Indeed, the industry’s digital changeover has been dramatic in areas like episodic television, but bigger-budget studio films have been slow to follow the trend. Johnathon Amayo, VP of production and post-production for Moviola Digital, believes the percentage of movies shot on film currently ranges between 50% and 70%, since many established helmers still insist on using film to get a certain look for their project. Steven Spielberg, Christopher Nolan and Zack Snyder, among others, have persisted with film for various projects for aesthetic reasons. Snyder and d.p. Larry Fong pushed to shoot “300” on film to get the painterly, grainy look they felt would mirror the feeling of the comicbook that inspired the movie.”

E. From Scientific American, Nov. 18, 2011, in article “Digital Movies to Replace Film by 2015,” by Samantha Murphy: “The standard 35 mm film we’re all used to seeing in movie theaters will be replaced worldwide by digital technology in the next few years, and the hit blockbuster film “Avatar” is to blame for the shift, according to a new report.

A report from the IHS Screen Digest Cinema Intelligence Service said that 35 mm film, which has been the dominant projection format in movie theaters for more than 120 years, is nearing the end of its life, as the majority of cinema screens in the U.S. are expected to go digital in 2012.

In fact, IHS expects 35 mm will be replaced by digital technology globally by 2015, the report said. By the end of 2012, 35 mm film in movie theaters is expected to decline to 37 percent on a global scale, which is a dramatic decline from 68 percent of global cinema screens in 2010.”

F. That same IHS Screen Digest reports that 35mm prints will cease being produced in US by end of 2013, according to June 9, 2012 article in ArsTechnica, “Celluloid no more: distribution of film to cease by 2013 in the US,” by Megan Geuss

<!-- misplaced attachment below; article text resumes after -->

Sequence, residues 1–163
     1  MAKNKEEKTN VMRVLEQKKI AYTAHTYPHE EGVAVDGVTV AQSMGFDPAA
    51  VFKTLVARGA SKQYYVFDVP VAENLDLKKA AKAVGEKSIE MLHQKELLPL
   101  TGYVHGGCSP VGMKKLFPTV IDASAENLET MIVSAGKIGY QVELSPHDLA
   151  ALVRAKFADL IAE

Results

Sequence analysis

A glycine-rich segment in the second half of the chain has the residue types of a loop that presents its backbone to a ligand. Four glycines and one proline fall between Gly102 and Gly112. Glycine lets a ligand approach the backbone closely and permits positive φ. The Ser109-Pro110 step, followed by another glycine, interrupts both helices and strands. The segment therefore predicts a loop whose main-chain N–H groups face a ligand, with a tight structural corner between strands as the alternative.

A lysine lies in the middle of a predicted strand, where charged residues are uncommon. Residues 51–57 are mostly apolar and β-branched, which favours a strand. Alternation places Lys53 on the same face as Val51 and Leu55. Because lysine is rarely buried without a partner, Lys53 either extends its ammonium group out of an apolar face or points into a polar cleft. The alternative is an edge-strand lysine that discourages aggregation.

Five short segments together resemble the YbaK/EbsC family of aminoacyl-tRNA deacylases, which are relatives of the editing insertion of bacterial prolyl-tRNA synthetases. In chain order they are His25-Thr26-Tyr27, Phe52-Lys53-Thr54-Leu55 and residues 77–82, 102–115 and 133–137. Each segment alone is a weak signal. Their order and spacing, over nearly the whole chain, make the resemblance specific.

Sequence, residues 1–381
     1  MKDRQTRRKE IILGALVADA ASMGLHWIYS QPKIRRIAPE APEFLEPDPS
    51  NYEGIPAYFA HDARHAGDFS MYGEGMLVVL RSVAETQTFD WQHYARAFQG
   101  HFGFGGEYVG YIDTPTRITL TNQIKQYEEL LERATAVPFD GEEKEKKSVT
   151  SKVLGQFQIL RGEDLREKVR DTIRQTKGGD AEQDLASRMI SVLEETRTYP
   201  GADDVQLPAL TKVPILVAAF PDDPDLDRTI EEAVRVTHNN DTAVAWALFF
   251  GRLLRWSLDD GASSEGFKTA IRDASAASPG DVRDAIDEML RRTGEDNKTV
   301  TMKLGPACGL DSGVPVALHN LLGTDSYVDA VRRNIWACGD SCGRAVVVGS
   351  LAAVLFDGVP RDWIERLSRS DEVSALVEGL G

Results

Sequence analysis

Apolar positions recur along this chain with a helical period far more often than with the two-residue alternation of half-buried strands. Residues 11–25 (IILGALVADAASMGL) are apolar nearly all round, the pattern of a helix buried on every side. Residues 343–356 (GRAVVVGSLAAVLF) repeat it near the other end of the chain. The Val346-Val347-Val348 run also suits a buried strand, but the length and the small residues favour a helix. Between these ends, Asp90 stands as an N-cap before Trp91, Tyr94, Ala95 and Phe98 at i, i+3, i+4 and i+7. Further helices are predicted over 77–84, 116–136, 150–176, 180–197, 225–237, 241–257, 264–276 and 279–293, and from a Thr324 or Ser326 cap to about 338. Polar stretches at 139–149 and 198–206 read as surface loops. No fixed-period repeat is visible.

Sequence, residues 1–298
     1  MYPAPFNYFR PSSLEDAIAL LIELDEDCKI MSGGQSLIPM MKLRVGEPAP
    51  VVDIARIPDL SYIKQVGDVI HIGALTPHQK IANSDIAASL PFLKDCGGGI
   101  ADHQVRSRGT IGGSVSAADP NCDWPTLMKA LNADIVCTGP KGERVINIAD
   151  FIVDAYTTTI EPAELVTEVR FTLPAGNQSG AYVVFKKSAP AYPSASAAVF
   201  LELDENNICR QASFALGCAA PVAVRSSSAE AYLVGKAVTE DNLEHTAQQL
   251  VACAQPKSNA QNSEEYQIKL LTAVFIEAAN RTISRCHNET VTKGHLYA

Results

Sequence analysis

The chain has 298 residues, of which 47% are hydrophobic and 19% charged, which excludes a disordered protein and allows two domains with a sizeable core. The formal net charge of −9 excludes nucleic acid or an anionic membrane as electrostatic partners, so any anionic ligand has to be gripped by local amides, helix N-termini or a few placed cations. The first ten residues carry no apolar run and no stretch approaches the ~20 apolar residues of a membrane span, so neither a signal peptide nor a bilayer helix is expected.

G.  From me, Chris Reed: This film spells out something that has been very much on my mind of late, thanks to the many hours I have to spend thinking of how to devise a curriculum at Stevenson that best address the challenges of media production and media education in the 21st Century. We are seeing a strong and inexorable shift away from the primary creative moment of image creation happening in production to it happening in post-production. How you capture the image is now less important that what you do with it aftewards, in whatever editing or coloring or special effects program you happen to be working. I recommend watching the extensive BLU-RAY extras for films like Avatar and Girl with a Dragon Tattoo.

H.  To enjoy this film, you do not have to be a filmmaker or an expert in film processes, because it has enough explanatory information in it for the layperson, but you do have to PAY ATTENTION – this is not a good film during which to turn to your neighbor and ask questions, or you might miss essential info – so don’t talk, don’t text, don’t take calls, and stay focused!  🙂

Some Media Shot Digitally

I.  with the ARRI Alexa

A.  Feature Films:

1.  The Avengers

2.  The Dictator

3.  Drive

4.  Extremely Loud and Incredibly Close

5.  Hugo

6.  Life of Pi

7.  21 Jump Street

8.  Young Adult

B.  Television:

1.  “Blue Bloods” (also below, under RED)

2.  “Californication

3.  “Desperate Housewives

4.  “Downton Abbey

5.  “Game of Thrones

6.  “Girls

7.  “Happy Endings

8.  “Homeland

9.  “Sons of Anarchy

10.  “Supernatural

11.  “Teen Wolf

II.  with the RED

A.  Feature Films:

1.  Beginners

2.  Che

3.  District 9

4.  Fair Game

5.  The Girl with a Dragon Tattoo

6.  The Hobbit

7.  Inside Job

8.  The Muppets

9.  Prometheus

10.  The Secret in Their Eyes

11.  The Social Network

12.  Winter’s Bone

B.  Television:

1.  “Blue Bloods” (also above, under ARRI Alexa)

2.  “ER

3.  “House of Cards

4.  “Justified

5.  “The Mob Doctor

6.  “Pretty Little Liars

7.  “Southland

III. with DSLR (Digital single-lens reflex) cameras

A.  Fantastic Mr. Fox (Nikon D3)

B.  For Lovers Only (Canon 5D Mark II)

C.  Tiny Furniture (Canon 7D)

Film lovers take heart, however, as directors like Christopher Nolan and Steven Spielberg are still shooting their movies, such as The Dark Knight Rises and Lincoln, on actual film . . .

Thanks for reading and thanks for listening!